“It is useless to attempt to reason a man out of a thing he was never reasoned into.”

              Comment


              • Originally posted by GBinOz View Post

                Can anyone point to a statement by any of the other witnesses that refers to a clock?
                The closest I can find is William Marshall, in the Times:

                I went in about 12 o'clock and heard nothing more until I heard "Murder" being called in the street. It had then just gone 1 o'clock.

                This is compatible with Diemschitz turning into Berner street at about 12:55.

                What is it when one holds up as true non clocked based testimony that suits their argument and dismisses out of hand non clocked based testimony that contradicts their argument?......Oh yeah....cognitive bias.
                Some people are very clear on what they want the truth to be.
                Andrew's the man, that is not blamed for nothing

                Comment


                • >>I went in about 12 o'clock and heard nothing more until I heard "Murder" being called in the street. It had then just gone 1 o'clock.<<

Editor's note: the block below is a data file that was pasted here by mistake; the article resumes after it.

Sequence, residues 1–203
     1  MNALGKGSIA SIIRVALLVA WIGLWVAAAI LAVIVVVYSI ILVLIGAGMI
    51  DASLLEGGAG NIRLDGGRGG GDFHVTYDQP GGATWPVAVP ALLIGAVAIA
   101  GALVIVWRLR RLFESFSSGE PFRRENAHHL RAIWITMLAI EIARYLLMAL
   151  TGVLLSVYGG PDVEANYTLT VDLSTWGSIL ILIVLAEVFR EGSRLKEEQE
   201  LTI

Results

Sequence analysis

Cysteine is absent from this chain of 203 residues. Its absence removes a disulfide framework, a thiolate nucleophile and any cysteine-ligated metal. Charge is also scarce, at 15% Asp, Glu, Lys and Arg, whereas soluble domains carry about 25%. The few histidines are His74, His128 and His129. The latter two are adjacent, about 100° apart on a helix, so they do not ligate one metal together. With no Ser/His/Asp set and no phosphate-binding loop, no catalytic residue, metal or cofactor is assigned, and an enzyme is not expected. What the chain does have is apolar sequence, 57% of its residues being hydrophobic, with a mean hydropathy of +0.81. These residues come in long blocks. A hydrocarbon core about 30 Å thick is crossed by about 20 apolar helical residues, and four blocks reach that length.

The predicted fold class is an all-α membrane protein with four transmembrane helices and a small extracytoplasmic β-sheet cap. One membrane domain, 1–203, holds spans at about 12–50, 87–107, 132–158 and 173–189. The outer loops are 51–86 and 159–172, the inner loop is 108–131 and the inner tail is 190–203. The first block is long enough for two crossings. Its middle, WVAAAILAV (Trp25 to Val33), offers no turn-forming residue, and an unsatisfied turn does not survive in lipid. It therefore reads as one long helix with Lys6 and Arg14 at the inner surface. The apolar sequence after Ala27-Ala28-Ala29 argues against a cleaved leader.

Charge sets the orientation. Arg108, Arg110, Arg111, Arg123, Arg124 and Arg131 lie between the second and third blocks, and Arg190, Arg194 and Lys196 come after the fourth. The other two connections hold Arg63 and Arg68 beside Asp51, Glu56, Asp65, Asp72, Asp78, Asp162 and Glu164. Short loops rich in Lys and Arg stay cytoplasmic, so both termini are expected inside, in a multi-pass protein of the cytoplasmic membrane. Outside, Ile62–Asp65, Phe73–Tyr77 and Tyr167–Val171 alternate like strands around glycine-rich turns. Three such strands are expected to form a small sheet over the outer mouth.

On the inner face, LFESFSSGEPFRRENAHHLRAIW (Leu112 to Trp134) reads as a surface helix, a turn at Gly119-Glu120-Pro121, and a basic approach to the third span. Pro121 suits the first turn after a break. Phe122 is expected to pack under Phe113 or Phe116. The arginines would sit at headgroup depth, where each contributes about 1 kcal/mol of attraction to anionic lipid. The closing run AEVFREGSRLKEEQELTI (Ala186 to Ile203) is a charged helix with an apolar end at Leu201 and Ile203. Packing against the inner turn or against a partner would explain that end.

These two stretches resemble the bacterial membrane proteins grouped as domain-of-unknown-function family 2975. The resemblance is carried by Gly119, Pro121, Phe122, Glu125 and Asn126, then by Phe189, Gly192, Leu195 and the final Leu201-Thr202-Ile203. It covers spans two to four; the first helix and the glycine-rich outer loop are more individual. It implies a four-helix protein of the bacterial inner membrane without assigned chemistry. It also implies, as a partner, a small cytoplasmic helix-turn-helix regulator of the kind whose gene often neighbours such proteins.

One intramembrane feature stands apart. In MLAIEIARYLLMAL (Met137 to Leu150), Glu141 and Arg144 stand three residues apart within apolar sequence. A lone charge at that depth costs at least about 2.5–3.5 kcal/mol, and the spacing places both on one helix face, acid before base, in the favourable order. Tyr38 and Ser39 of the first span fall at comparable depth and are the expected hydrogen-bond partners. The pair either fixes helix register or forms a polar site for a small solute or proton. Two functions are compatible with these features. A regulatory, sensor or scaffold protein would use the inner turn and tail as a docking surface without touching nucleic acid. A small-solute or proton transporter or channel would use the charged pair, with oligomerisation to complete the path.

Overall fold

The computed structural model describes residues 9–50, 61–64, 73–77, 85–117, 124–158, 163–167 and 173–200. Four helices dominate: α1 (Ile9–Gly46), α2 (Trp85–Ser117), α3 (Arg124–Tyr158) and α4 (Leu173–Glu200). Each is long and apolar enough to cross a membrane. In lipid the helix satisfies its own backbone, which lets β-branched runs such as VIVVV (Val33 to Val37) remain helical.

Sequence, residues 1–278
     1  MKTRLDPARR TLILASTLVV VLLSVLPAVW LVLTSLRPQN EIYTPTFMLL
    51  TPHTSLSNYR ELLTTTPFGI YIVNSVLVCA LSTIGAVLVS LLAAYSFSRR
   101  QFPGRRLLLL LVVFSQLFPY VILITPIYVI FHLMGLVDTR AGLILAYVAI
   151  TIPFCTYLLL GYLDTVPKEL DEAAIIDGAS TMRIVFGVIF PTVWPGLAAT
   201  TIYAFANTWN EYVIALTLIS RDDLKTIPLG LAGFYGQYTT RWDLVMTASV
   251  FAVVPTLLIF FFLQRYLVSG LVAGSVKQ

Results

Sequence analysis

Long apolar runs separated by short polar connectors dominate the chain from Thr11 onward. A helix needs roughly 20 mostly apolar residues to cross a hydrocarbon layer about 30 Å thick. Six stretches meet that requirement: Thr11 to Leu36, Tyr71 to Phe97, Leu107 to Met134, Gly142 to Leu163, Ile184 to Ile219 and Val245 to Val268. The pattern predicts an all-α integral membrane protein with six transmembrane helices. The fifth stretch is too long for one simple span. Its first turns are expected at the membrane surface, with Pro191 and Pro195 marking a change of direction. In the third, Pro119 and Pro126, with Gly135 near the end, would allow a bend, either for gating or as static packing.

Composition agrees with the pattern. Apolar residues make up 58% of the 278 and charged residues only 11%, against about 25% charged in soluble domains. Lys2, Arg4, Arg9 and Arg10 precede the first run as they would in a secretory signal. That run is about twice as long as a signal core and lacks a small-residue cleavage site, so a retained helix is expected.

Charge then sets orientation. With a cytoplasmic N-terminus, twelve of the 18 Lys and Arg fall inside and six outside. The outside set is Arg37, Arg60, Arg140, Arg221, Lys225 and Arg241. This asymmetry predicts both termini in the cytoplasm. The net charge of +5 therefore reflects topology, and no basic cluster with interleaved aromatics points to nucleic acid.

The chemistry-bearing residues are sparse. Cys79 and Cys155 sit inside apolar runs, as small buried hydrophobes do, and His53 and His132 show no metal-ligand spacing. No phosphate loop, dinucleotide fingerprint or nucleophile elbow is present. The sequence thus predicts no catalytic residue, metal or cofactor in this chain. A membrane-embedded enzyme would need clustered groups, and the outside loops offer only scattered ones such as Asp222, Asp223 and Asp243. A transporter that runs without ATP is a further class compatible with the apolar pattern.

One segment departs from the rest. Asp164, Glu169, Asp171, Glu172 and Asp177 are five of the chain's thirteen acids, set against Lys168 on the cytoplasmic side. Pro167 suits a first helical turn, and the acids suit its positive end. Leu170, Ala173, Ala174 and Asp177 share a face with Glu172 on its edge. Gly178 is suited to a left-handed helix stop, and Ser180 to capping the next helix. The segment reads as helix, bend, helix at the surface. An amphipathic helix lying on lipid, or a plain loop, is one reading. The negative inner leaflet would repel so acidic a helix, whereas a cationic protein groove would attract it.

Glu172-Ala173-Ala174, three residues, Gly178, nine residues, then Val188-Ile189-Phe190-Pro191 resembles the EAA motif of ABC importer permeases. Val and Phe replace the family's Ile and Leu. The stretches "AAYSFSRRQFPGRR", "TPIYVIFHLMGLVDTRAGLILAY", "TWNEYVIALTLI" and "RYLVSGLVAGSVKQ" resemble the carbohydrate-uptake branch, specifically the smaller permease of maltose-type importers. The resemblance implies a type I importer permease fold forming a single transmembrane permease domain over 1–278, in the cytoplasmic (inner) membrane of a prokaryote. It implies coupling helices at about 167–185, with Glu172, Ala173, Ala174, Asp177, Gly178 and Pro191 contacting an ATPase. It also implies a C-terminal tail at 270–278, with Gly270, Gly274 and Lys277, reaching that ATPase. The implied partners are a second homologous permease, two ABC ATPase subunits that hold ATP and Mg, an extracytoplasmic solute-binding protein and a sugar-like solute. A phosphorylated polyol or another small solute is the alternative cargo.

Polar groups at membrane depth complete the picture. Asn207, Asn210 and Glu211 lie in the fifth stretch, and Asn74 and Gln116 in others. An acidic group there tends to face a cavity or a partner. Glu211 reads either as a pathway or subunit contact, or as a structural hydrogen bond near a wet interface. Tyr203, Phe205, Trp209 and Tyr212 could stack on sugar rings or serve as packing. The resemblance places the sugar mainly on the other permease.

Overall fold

Damn! I'd forgotten all about Marshall's comment. Yet another link in the chain, but hey, why go with the evidence, when imagination is so much better?
                  dustymiller
                  aka drstrange

                  Comment


                  • Originally posted by erobitha View Post

                    Even if he did what does it prove other than he felt the need to give a specific time in the context of the inquest?
                    We need to know why he felt that need. My theory is that he were trying to create the perception of a very definite and specific gap between Fanny Mortimer's locking up of her front door, and his arrival. It is no coincidence that Diemschitz was the original Interruptionist.

                    I’m not being drawn into the whistle debate. My issue ultimately is corroboration. We should always give more weight the things that can be corroborated by another and less weight to those things that cannot.
                    The early whistle is corroborated. Someone with a whistle knew what had occurred, prior to the arrival of police. Who was that person, why did they blow a whistle, and how long before the official discovery time did this occur?
                    Andrew's the man, that is not blamed for nothing

                    Comment


                    • Originally posted by drstrange169 View Post

                      >>I went in about 12 o'clock and heard nothing more until I heard "Murder" being called in the street. It had then just gone 1 o'clock.<<

                      Damn! I'd forgotten all about Marshall's comment. Yet another link in the chain, but hey, why go with the evidence, when imagination is so much better?
                      Is it better that this...?

                      I only noticed one person passing, just before I turned in. That was a young man walking up Berner-street, carrying a black bag in his hand.